Pioneer aerial photographer, Donovan Wilson
While Derek Evans operated from his studio in Broad Street, another photographer was plying his trade just a stone’s throw away in Commercial Street.
But the late Donovan ‘Don’ Wilson wasn’t competing with news-hungry Derek. Don had captured an altogether different market – aerial photography.
In fact he was a pioneer in this fledgling market, quickly taking to the skies after he purchased an old RAF camera shortly after WWII.
In his time, he was ranked among the best aerial photographers in the country. And, like Derek, it started right here in Hereford.
He was the first aerial photographer to gain an Associateship of the Institute of British Photographers.
His son, Graham Wilson, looks after his father’s archive and is keen that the city is aware of its historical importance.
He said: “I don’t think people are aware how important his work is. I want it to be remembered.”
The difficulty for Graham is just where to show such a large archive.
Don worked across the country to take his ‘bird’s eye view’ photographs, from London across to the west and up to the north of the country.
During his heyday he was in huge demand.
Graham said: “It’s commonplace now. But, in its day, his work was the equivalent of Google Earth. Planners, landowners, councils, all used him to take aerial photographs. It was a very important service in its time.
”I remember him once being contracted to take a photo of a caravan holiday park on the south coast. The owner wanted to use the print as a map and guide of the site for visiting holidaymakers.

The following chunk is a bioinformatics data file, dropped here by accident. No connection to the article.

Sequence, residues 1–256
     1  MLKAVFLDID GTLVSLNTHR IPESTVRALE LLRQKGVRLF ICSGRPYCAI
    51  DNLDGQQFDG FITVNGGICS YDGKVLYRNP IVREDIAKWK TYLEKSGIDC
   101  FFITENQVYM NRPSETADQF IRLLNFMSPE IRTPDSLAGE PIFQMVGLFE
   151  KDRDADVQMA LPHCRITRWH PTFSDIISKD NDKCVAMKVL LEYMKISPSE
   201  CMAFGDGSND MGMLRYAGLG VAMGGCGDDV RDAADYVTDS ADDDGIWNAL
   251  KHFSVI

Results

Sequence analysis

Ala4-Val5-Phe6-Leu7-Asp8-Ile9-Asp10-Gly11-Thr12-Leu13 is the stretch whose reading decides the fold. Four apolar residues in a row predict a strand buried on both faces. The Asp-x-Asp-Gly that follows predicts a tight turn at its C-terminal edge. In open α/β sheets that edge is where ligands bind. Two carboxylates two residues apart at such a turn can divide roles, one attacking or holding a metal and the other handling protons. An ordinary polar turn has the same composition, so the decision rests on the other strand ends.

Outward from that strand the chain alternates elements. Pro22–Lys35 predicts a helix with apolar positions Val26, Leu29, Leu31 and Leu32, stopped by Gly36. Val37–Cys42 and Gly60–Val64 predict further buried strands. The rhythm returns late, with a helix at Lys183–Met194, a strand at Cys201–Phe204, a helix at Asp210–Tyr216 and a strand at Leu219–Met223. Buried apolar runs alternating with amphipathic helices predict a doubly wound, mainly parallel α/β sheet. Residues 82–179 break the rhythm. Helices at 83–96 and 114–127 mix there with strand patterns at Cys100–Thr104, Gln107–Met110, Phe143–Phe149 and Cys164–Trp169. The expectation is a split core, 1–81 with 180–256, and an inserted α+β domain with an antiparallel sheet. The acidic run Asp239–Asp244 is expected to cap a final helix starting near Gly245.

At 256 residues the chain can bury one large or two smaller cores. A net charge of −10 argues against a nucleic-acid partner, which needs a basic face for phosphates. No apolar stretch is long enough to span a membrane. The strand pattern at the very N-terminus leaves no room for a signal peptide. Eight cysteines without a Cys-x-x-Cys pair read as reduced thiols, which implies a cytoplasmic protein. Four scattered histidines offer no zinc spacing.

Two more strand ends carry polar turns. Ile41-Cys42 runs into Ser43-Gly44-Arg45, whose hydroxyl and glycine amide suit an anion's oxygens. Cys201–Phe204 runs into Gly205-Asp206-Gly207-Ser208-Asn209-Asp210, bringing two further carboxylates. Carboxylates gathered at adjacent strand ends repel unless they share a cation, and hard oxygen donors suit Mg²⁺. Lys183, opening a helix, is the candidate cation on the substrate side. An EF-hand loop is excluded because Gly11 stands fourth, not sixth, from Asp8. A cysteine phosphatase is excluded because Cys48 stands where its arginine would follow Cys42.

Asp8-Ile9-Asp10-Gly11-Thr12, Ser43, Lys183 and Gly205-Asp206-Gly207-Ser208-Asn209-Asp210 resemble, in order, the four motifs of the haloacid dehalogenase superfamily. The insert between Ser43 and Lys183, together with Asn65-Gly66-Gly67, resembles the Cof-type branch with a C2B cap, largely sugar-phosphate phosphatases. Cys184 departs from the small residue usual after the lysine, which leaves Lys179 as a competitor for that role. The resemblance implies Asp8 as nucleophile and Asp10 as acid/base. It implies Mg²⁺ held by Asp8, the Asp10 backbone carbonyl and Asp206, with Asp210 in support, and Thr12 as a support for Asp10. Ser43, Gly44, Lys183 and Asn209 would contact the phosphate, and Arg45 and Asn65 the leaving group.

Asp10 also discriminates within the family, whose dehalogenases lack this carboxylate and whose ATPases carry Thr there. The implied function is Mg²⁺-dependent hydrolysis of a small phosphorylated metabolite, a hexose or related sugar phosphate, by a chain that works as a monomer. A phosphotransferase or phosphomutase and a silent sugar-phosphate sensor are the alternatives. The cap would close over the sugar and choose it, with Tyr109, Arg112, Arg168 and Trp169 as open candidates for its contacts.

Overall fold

“Doesn’t sound like much now, but then it was seen as amazing technology.
“It started a trend and soon they were all asking for one.”
But it is his photos capturing the transformation of Hereford over the 1950s and 60s that will be of great interest.
And they are fascinating, even to a relative newcomer like me.
The Ledbury Road laundry, for example, where Rose Bank is today, appears to be in a rural backwater in Don’s photos, surrounded by fields as far as the eye can see. But within 10 to 20 years it would change beyond all recognition.
Another print shows the construction of the second road bridge into Hereford, seemingly propped up by a complicated system of scaffolding.
These prints are on 5inch negatives and when Graham zooms in, the detail is quite incredible.
You can see very clearly what people are wearing, babies in prams, shop names. I doubt if Google Earth could equal this sort of clarity.
When working in the county, Don would hire a plane from Shobdon and, because his camera was cumbersome, would take the door off the light aircraft in order to get the shot.
Graham, who still lives in Hereford, worked alongside his father for many years, also as a photographer.
With the 2,600 negatives of Don’s work catalogued, Graham and his sister would now like a wider audience to see these historic prints. How, when and where is yet to be confirmed. For now, they are in Graham’s safe hands.
Photograph: By Donovan Wilson. High Town in 1954.